Automatic enrolment and communicating to workers

17 June 2015

The law on workplace pensions has changed. All employers, including those with existing workplace pensions, will have to take some action as a result of automatic enrolment. They will need to identify if and when automatic enrolment applies to each one of their workers. This includes temporary and part-time workers. Where they have staff to enrol, they need to ensure they have a suitable qualifying pension scheme, enrol them into the chosen pension scheme and make contributions.

Within six weeks of their automatic enrolment duty coming into effect, all employers must tell their staff how automatic enrolment affects them as individuals. This means employers must inform their staff in writing how they have been assessed for automatic enrolment and what that means for them.

Depending on whether they are assessed as needing to be automatically enrolled, or as having a right to opt in or join a pension scheme, each member of staff will be sent specific information. Even if a member of staff is unaffected by the changes, for example if they are already members of an existing qualifying workplace pension scheme, they must still be informed in writing about what is happening.

The table below summarises the information which must be provided to each type of worker.

Category of worker

You must let them know:

Being automatically enrolled

  • the date they are being automatically enrolled
  • the level of contributions that will be deducted from their pay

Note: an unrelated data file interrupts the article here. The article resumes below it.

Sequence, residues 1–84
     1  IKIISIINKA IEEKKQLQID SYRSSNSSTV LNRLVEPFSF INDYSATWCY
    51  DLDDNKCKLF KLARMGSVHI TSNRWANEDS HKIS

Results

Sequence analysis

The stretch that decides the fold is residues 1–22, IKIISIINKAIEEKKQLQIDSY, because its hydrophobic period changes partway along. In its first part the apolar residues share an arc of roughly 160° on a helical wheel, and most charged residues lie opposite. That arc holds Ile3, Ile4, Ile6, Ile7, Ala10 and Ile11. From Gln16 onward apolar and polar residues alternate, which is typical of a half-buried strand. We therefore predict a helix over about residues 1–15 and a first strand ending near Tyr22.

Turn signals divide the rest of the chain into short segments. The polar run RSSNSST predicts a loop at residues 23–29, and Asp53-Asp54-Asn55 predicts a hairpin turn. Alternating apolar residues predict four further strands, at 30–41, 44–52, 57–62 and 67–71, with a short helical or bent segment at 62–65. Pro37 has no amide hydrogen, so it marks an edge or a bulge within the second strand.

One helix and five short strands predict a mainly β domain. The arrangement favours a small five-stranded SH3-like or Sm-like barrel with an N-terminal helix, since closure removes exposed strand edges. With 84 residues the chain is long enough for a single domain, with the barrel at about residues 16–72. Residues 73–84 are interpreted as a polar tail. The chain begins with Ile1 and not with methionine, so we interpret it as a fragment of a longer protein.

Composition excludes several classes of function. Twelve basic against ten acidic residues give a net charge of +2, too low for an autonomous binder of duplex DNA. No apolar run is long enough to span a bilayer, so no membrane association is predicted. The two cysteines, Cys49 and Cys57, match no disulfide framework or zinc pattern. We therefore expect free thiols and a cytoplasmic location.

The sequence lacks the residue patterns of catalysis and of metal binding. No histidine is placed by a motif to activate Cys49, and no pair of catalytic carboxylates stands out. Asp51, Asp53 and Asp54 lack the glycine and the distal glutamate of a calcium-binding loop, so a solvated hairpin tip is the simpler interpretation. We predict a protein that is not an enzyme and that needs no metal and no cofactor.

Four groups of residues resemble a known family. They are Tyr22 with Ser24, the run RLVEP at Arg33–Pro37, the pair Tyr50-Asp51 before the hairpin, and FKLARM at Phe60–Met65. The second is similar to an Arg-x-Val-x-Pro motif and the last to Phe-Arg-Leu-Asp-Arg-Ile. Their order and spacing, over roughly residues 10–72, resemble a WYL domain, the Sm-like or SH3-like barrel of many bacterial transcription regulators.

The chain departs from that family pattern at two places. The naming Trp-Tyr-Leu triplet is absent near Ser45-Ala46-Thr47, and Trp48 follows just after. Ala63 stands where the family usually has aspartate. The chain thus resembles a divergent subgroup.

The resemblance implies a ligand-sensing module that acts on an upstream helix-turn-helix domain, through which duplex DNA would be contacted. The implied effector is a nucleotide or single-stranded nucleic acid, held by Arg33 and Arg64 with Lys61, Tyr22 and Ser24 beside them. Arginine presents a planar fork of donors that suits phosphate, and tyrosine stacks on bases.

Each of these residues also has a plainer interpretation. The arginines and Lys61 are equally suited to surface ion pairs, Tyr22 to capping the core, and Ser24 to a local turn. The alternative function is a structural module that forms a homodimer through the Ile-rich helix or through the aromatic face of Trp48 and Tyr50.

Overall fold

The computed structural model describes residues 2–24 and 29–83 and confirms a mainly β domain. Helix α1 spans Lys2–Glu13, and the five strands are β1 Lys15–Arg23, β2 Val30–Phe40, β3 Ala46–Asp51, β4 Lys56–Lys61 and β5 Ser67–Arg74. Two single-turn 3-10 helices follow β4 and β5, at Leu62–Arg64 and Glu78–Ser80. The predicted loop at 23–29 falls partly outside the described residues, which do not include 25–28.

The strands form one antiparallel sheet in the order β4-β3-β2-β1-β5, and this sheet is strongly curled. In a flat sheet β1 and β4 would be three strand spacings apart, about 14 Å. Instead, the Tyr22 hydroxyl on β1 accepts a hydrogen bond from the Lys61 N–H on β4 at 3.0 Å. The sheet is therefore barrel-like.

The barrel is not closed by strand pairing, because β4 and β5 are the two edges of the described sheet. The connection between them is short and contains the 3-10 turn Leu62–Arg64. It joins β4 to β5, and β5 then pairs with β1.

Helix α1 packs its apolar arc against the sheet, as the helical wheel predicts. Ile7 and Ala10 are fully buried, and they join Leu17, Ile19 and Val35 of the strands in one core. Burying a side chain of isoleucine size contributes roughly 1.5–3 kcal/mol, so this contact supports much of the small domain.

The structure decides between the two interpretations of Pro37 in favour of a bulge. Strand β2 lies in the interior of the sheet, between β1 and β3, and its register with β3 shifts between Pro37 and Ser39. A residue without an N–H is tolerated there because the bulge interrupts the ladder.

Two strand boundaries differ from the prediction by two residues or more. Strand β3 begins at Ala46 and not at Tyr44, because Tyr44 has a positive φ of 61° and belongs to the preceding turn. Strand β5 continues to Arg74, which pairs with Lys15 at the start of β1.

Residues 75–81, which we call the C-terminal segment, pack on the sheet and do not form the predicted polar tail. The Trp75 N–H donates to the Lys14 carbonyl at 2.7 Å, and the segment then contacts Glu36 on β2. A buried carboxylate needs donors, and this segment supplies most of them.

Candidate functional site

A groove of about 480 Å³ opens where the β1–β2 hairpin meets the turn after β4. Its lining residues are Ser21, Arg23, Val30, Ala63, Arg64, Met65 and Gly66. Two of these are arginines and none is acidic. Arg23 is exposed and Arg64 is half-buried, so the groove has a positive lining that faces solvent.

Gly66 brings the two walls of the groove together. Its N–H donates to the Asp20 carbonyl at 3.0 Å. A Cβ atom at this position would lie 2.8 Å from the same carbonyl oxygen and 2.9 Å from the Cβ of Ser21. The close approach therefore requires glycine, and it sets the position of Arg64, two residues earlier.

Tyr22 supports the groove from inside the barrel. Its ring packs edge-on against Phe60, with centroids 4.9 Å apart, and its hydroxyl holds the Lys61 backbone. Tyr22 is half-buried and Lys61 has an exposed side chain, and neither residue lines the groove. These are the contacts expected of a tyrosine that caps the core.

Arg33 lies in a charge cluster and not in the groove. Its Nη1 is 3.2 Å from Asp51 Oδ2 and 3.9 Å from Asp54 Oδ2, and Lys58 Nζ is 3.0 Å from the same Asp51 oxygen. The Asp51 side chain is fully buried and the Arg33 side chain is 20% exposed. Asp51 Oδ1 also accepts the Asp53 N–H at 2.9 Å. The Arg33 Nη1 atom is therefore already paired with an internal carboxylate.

• the level of contributions the employer will pay
  • details of the pension scheme provided
  • their right to opt-out

Has a right to opt in

  • their right to opt in
  • their right to receive employer contributions if they do

Has a right to join a pension scheme

  • the opportunity to join the workplace pension

It is important that employers understand that even if the communications are managed and sent by a third party (for example a business adviser, the pensions provider, or payroll software provider), the statutory responsibility to communicate to staff remains with the employer.

How should the information be communicated?

In order to meet their statutory duty, all staff must be given information explaining how they are affected by automatic enrolment. These communications must be in writing – whether within a letter, email, memo or PDF document. It is not sufficient to merely signpost to an internet or intranet site, attach a URL or display a poster in the workplace. In these circumstances the employer is merely providing the worker access to the information about the duties but is not giving the actual information.

The Pensions Regulator (TPR) has a number of letter templates, which can be used to write to staff. When using these templates, copy the text into a plain document (or your client's own headed template) and fill in the date and contact details of the member of staff being written to.

Letter template for employees who are being automatically enrolled

Letter template for those not automatically enrolled

Postponement letter template for all employees 


Postponement is a flexibility which allows the employer to postpone the assessment of some or all of their staff for up to three months. Employers must write to the staff being postponed within six weeks of their staging date (the date at which automatic enrolment duties start).

One of the main reasons an employer may decide to postpone is if they have temporary or short-term staff who they know will stop working for them within three months. They may also choose to use the postponement period to align automatic enrolment with other business processes.

While there is no requirement to make TPR aware that a decision has been taken to postpone automatic enrolment, it’s important to be aware that postponement will not change an employer’s declaration of compliance deadline, which will remain the same (5 months after staging date).

Useful TPR links: